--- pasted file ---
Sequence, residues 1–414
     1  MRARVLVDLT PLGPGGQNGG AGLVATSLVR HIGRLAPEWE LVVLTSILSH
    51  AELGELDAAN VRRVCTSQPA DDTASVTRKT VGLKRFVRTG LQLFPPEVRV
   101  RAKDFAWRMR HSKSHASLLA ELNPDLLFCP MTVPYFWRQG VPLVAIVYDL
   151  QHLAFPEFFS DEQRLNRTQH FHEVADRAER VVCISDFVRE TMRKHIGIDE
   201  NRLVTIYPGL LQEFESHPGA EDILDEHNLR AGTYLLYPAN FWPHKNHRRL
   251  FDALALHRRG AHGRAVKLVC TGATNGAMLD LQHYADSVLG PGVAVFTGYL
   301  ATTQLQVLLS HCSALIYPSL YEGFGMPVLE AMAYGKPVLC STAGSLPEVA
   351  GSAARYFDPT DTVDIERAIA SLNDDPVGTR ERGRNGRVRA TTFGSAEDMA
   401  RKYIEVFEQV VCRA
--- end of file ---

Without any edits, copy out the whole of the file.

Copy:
Sequence, residues 1–414
     1  MRARVLVDLT PLGPGGQNGG AGLVATSLVR HIGRLAPEWE LVVLTSILSH
    51  AELGELDAAN VRRVCTSQPA DDTASVTRKT VGLKRFVRTG LQLFPPEVRV
   101  RAKDFAWRMR HSKSHASLLA ELNPDLLFCP MTVPYFWRQG VPLVAIVYDL
   151  QHLAFPEFFS DEQRLNRTQH FHEVADRAER VVCISDFVRE TMRKHIGIDE
   201  NRLVTIYPGL LQEFESHPGA EDILDEHNLR AGTYLLYPAN FWPHKNHRRL
   251  FDALALHRRG AHGRAVKLVC TGATNGAMLD LQHYADSVLG PGVAVFTGYL
   301  ATTQLQVLLS HCSALIYPSL YEGFGMPVLE AMAYGKPVLC STAGSLPEVA
   351  GSAARYFDPT DTVDIERAIA SLNDDPVGTR ERGRNGRVRA TTFGSAEDMA
   401  RKYIEVFEQV VCRA